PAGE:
What Is Vicarious Trauma? Causes, Symptoms, And Treatment

Medically reviewed by April Justice, LICSW
Updated June 27, 2024by BetterHelp Editorial Team
Content warning: Please be advised, the below article might mention trauma-related topics that could be triggering to the reader. Please see our Get Help Now page for more immediate resources.

It’s natural to feel empathy toward those who are experiencing traumatic events or have experienced pain or trauma. However, those with prolonged exposure to the pain or trauma of others consistently—like at work, for example—may end up feeling drained of empathy after facing these situations, a symptom of their own secondhand or vicarious trauma. This experience can be debilitating, and those who find themselves in this position can benefit from treatment.

The definition of vicarious trauma

Vicarious trauma, sometimes called secondary traumatic stress, occurs when a person is exposed or has continuous exposure to the trauma of another indirectly, usually through hearing or seeing a firsthand account of it. As a result, the person’s worldview may shift, and they may experience mental health symptoms that can negatively impact their life and their work. Vicarious trauma is not the same as posttraumatic stress disorder (PTSD), which typically applies to those who experience trauma firsthand, but it may have similar symptoms.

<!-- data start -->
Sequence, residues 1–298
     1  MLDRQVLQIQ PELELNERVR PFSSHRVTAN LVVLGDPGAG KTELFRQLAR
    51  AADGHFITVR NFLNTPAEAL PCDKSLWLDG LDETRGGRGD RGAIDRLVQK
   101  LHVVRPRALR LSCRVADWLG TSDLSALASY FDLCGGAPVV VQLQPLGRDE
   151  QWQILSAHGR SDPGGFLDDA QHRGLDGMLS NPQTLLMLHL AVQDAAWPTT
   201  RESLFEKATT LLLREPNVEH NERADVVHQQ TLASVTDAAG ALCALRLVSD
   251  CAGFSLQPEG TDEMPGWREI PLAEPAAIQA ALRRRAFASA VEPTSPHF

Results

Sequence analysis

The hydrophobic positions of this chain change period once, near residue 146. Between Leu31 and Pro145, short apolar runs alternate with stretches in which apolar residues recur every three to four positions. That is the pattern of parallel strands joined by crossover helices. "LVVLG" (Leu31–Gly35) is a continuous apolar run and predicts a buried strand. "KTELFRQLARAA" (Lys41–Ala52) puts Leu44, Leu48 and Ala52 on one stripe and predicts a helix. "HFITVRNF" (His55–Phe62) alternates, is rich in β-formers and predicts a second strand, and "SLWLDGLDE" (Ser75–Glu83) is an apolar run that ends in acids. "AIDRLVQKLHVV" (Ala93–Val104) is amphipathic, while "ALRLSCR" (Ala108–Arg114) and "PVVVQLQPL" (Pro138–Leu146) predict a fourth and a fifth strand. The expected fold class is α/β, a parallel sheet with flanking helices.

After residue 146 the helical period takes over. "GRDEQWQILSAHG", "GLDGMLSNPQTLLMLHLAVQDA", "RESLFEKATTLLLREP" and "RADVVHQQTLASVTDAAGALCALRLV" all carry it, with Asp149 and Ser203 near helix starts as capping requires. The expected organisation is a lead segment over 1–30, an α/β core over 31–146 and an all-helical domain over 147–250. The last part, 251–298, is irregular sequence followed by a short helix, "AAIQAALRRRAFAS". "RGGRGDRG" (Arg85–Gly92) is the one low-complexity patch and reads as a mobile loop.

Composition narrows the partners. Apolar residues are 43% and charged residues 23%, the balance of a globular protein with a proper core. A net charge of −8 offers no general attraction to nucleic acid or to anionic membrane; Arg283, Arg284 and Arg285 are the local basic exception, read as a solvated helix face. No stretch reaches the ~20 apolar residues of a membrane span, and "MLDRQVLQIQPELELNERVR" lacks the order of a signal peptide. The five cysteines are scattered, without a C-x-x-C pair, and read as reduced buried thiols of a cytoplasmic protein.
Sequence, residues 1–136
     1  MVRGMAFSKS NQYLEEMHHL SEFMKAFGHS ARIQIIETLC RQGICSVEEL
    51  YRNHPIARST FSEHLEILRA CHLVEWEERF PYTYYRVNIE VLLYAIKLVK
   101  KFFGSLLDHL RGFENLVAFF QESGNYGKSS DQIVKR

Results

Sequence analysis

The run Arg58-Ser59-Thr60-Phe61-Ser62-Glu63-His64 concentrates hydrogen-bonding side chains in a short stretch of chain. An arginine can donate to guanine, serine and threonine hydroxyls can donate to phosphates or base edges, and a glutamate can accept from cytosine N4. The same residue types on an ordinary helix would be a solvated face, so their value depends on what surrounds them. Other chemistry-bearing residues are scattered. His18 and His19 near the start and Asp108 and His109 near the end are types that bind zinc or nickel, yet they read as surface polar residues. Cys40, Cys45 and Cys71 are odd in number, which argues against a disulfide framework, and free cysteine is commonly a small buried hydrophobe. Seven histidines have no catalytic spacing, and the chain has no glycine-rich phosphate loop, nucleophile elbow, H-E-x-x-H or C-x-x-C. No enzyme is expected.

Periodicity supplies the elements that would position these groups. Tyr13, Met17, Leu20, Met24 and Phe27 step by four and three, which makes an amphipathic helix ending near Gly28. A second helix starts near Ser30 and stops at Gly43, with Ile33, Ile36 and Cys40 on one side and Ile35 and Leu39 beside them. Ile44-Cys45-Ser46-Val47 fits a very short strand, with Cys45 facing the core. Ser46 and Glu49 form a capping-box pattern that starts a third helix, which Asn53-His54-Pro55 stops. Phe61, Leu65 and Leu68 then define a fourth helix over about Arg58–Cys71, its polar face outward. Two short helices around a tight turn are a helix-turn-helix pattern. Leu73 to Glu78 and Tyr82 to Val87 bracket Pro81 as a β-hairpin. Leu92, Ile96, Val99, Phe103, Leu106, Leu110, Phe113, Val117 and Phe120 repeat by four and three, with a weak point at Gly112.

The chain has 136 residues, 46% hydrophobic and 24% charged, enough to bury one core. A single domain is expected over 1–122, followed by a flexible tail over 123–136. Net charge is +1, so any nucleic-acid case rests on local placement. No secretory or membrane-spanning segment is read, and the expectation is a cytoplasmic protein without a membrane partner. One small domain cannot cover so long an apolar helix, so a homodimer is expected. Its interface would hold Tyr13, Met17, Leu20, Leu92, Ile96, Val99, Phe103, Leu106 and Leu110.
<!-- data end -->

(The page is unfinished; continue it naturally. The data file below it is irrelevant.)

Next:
People in certain professions are more at risk of experiencing vicarious trauma. Some examples include:

  • Nurses

  • Therapists

  • Paramedics

  • Social workers

  • Law enforcement

  • Journalists

A person can experience vicarious traumatization after working in their field for years or decades, or after a particularly difficult experience or two. It can affect people in different amounts and in different ways.

Compassion fatigue is real and you deserve your own outlet

Signs and symptoms of vicarious trauma

The susceptibility of caregivers to vicarious trauma is often referred to as “the cost of caring” because of its pervasiveness among people in certain professions. If you or someone you love works with trauma survivors, it’s important to know and watch for the common symptoms of vicarious trauma, since it can negatively impact the health and life of the person experiencing it. It can also impact the quality of care that people in these fields are able to provide. Common symptoms may include:

  • Feelings of cynicism and hopelessness

  • Inability to focus

  • Social withdrawal

  • Difficulty managing emotions or emotional numbness

  • Loss of work-related motivation

  • Sleep problems 

  • Excessive worrying about potential dangers

  • Feeling overextended or full of self-doubt

  • Irritability or anger

  • Relationships problems

  • Developing destructive or unhealthy coping strategies

Finally, some people may be more at risk for experiencing vicarious trauma than others, according to the Office for Victims of Crime. This may include those who haven’t received quality training for assisting trauma survivors, who have traumatic experiences in their own past, who support suffering trauma survivors constantly with little to no variation in their work, and/or who lack healthy coping skills or social support.

Reducing the risk of experiencing vicarious trauma

Note that if you sense that you, family members, or a coworker may already be experiencing vicarious trauma symptoms, there is help available. Speaking with a trauma-informed counselor or therapist is typically a recommended first step.

To lower the risk of experiencing vicarious trauma, there are several strategies that people in at-risk fields can put into regular practice to improve their mental health. 

Build a strong social support network